150 musical performers from across the West End and Broadway have come together to perform a stellar version of “Make Them Here You” from Ragtime in support of Black Lives Matter and the Stopwatch campaign.
Two winters ago if you went to the Old Vic,
Your life would have been filled with something fantastic.
A musical treat fit for all of the fam’ly,
The Lorax is as good as such a show could be.
Returning for half-term with some new cast members,
The musical’s just as good as I remember.
It’s heartfelt and funny and really quite moving,
A powerful message but not too reproving. Continue reading “Re-review: The Lorax, Old Vic”
With Son Of A Preacher Man about to start its epic UK tour at the Churchill Bromley in 10 days or so, here’s a sneak preview of what we can expect from star Diana Vickers.
This year’s iteration of the Norfolk and Norwich Festival 2017 runs from 12 – 28 May and with it comes a substantial programme of circus, literature, classical and contemporary music, dance, family activities, performance, theatre, visual arts and The Adnams Spiegeltent that befits the fourth biggest arts festival in the country.
Eyecatching inclusions include
And speaking of theatrical highlights, Continue reading “Round-up of news and treats and other interesting things”
It’s easy to be dismissive about Mamma Mia and all it has wrought in revitalising the jukebox musical as a form but the numbers don’t lie. 17 years and counting in the West End, the 8th longest running show on Broadway (it occupies the same position on the UK ranking at the moment too), a wildly successful film adaptation that became the highest grossing musical ever…it’s impressive stuff.
And listening to the Original Cast Recording from 1999, subsequently re-released with bonus tracks for the 5th anniversary, I’d say it’s fairly easy to see why it has endured so long. For all you may mock Catherine Johnson’s book, which hangs oh so lightly on a varied selection of Benny Andersson and Björn Ulvaeus’ iconic music for ABBA, it actually does interesting things with it, in telling its own story rather relying on the songs themselves (I’m looking at you Jersey Boys…!)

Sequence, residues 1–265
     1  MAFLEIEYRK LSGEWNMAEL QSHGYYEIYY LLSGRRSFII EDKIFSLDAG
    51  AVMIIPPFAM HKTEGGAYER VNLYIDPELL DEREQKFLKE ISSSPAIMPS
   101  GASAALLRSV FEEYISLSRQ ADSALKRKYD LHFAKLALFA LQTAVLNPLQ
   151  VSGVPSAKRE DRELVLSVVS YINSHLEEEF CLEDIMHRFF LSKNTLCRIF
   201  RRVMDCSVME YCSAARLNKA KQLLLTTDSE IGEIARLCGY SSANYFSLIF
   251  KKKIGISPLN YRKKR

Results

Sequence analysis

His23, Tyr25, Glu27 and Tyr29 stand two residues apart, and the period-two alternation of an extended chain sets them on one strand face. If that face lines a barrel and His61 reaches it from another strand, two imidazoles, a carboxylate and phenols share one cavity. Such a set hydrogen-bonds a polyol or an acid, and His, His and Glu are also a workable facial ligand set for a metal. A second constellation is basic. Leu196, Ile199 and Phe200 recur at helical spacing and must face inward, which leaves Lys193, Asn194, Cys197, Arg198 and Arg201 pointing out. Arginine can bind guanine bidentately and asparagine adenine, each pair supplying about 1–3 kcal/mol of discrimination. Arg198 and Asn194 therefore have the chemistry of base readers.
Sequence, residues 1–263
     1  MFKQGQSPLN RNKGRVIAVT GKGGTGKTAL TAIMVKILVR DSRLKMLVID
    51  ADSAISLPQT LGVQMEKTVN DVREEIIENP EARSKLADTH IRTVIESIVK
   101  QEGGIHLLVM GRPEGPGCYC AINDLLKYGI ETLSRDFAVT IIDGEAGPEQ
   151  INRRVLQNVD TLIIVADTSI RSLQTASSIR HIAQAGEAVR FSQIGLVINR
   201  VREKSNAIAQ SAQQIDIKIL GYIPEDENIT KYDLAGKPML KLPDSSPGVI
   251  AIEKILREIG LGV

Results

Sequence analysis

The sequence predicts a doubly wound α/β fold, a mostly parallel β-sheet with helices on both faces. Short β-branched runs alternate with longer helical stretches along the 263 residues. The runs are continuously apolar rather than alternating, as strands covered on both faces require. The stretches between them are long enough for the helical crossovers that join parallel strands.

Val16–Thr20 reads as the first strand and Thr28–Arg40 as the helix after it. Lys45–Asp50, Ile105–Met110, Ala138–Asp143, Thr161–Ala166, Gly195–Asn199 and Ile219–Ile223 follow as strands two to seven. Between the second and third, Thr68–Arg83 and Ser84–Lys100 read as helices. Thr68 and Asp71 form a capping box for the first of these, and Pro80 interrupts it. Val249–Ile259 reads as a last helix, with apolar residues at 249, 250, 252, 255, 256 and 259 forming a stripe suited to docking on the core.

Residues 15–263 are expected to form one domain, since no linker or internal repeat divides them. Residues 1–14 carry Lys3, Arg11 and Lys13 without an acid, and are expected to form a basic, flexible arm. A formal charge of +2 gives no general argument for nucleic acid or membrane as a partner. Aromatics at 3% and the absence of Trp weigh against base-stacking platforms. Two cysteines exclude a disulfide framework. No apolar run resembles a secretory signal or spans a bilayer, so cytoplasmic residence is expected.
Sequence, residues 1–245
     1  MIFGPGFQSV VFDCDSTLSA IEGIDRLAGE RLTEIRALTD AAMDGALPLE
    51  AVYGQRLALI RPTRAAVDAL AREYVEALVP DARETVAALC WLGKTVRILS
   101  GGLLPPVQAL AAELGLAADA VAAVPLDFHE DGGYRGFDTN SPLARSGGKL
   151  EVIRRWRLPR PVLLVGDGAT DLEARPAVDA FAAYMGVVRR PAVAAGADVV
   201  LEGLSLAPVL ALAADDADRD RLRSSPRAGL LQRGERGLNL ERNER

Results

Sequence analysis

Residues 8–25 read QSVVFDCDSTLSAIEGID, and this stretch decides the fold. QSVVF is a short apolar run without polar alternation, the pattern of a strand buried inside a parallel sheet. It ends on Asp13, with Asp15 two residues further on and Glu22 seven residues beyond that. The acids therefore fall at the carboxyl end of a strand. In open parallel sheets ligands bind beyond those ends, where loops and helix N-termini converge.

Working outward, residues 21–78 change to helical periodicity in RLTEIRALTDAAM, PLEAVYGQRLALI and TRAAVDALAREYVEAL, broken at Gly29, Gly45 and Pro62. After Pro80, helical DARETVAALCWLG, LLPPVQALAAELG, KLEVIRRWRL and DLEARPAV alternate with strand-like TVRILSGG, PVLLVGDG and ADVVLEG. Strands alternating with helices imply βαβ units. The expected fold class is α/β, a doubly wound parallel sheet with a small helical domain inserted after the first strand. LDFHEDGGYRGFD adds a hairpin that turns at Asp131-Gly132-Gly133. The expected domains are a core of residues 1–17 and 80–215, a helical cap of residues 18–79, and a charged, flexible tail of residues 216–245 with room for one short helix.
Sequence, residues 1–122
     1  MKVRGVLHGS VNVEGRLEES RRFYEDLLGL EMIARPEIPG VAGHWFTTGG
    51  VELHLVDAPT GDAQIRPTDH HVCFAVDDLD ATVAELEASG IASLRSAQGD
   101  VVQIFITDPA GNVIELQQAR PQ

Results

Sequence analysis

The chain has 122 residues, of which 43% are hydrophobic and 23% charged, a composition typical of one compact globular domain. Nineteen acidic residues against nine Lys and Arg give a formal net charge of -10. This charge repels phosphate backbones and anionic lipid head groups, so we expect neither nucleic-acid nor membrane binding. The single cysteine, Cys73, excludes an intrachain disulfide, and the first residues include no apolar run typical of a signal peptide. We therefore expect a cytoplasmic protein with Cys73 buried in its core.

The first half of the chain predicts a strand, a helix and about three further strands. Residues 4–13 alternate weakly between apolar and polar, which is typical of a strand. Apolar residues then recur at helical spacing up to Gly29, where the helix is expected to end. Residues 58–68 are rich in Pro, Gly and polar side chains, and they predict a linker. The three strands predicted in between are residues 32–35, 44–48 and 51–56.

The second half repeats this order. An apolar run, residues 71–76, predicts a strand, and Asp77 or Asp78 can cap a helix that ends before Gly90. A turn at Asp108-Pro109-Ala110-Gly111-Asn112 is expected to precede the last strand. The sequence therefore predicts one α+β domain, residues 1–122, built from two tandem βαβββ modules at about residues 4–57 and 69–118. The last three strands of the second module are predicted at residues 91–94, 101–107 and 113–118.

So to say you’re better off listening to ABBA’s greatest hits is to miss the point. As light as the plot may be in its girl-wants-father-to-walk-her-down-the-aisle-but-finds-there’s-three-potential-candidates frothiness but there’s something genuinely tender in hearing ‘Chiquitita’ repurposed for two friends comforting a third, maternal lament ‘Slipping Through My Fingers’ actually sung between mother and daughter, the stag v hens vivacity of ‘Lay All Your Love on Me’.
And yes, they sound different to the originals, of course they do with a full orchestra and chorus to back them up, not to mention the lack of Swedish accents. This recording is a little blessed too in having the film’s soundtrack with its interesting casting choices to easily surpass, but that’s not to take away from the delightful vocals of Louise Plowright, Jenny Galloway, and Siobhán McCarthy as the leading trio, the latter’s Donna a fabulous leading lady from heartbreak to happiness.
Plowright’s cougarish ways enliven ‘Does Your Mother Know’ no end and Galloway’s equally predatory stance toward Nic Colicos’ Bill in ‘Take A Chance on Me’ is a delight. Lisa Stokke’s Sophie, the bride-to-be is charm personified and in keeping with the show’s female-friendly ethos, her intended – Andrew Langtree’s Sky – is somewhat sidelined. For me, ‘Our Last Summer’ has always been one of my favourite ABBA songs and remains so here, ruefully sung by former rocker Harry, an appealing Paul Clarkson, and McCarthy with a gentle loveliness that seems to stand in for the show as a whole.
“Cantankerous I’ve never been”
Joel Hopkins’ The Love Punch was a film that worked far better than one might have expected, a lovely surprise in the cinema back in 2014, so I’ve been looking forward to catching up with his earlier 2008 movie Last Chance Harvey. And once again I was caught unawares, even as I knew that I would probably like it, I had no idea I would love it so completely.